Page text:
The $2 trillion economic stimulus package that cleared Congress on Friday will let struggling companies defer paying the IRS a portion of payroll taxes.
Workers’ share, however, would still be collected and passed on to Uncle Sam.
Companies still will be withholding taxes from paychecks and remitting that to the IRS, but the employers half of payroll social security taxes can be delayed.
Payroll taxes, as they’re called, are withheld from your wages and are used to fund government programs — largely Social Security and Medicare. Those taxes are on top of your federal and state income tax withholdings.
Basically, the employee and the employer split payroll taxes. For Social Security, 6.2% of your wages — up to $137,700 for 2020 — are withheld from each paycheck and sent to the IRS, and the employer also remits a matched amount. In other words, the IRS receives the equivalent of 12.4% of wages to support Social Security.
For Medicare, the employee and the employer each chip in 1.45%, with no cap on wages subject to that portion of payroll taxes. In fact, an extra 0.9% Medicare tax is withheld for incomes above $200,000.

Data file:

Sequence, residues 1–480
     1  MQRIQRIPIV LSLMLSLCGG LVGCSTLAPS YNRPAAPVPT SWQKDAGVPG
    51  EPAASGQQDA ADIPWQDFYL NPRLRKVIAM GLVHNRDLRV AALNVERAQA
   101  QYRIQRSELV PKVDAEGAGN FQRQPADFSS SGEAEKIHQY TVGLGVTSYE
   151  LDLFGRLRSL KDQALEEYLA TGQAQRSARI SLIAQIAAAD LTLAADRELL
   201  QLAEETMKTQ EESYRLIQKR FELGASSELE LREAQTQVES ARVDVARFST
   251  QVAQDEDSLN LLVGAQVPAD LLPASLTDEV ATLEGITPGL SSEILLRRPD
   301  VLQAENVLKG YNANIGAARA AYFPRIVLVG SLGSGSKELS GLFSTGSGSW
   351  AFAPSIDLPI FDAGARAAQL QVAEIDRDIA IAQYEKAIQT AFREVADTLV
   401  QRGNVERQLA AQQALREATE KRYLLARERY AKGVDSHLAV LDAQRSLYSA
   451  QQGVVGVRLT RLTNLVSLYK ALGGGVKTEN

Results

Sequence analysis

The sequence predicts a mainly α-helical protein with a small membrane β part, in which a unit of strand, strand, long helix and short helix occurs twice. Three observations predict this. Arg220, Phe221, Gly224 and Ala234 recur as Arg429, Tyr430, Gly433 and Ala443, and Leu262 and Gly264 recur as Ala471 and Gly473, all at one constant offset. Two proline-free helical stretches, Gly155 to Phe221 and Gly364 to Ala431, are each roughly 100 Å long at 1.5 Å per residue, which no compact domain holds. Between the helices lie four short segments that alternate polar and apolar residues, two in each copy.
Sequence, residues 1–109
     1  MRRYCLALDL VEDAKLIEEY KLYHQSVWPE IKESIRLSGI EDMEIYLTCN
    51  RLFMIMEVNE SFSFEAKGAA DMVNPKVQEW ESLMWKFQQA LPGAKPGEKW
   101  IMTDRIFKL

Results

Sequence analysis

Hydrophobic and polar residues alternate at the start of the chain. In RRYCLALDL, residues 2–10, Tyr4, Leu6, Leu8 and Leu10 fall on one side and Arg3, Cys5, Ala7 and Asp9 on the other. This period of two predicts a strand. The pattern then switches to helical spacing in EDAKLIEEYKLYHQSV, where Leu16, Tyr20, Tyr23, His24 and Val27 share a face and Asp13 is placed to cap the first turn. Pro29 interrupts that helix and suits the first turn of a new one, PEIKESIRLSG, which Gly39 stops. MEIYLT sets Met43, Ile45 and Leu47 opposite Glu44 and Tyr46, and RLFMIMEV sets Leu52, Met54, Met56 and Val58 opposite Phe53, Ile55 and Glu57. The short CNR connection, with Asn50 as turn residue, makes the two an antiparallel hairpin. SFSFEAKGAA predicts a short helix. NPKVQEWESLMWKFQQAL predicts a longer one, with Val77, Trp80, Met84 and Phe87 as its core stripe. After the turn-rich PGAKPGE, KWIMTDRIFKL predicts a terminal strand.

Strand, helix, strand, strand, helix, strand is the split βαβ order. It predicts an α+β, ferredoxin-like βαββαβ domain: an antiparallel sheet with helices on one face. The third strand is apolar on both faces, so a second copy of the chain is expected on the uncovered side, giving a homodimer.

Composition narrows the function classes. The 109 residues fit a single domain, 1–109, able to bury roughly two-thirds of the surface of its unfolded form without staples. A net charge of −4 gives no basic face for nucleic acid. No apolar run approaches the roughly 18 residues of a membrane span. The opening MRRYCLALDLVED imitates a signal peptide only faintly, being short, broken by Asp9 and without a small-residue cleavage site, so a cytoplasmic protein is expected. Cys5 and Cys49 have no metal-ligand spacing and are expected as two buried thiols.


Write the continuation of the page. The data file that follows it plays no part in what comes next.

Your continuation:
Self-employed workers pay both the employer and employee share — but are generally able to deduct half of it on their tax return.
Companies must regularly remit payroll taxes — both their contribution and what they withhold from workers’ paychecks — to the IRS, typically on a monthly or semi-weekly basis.
Qualifying employers will be able delay only their share of Social Security payroll taxes to the IRS. They would be delayed until Jan. 1, 2021, with 50% owed by the end of 2021 and the other half due Dec. 31, 2022. Companies’ share of the Medicare payroll tax will still be due as usual and are not deferred.
Please share this with your friends and relatives. If you have question please contact the Tax Professionals of Tax Management at 262 923-8100, extensions 1 Mike Sargent, 3 Kim Wenzel, 4 Bev Cobb and 701 Jennifer Hipkiss.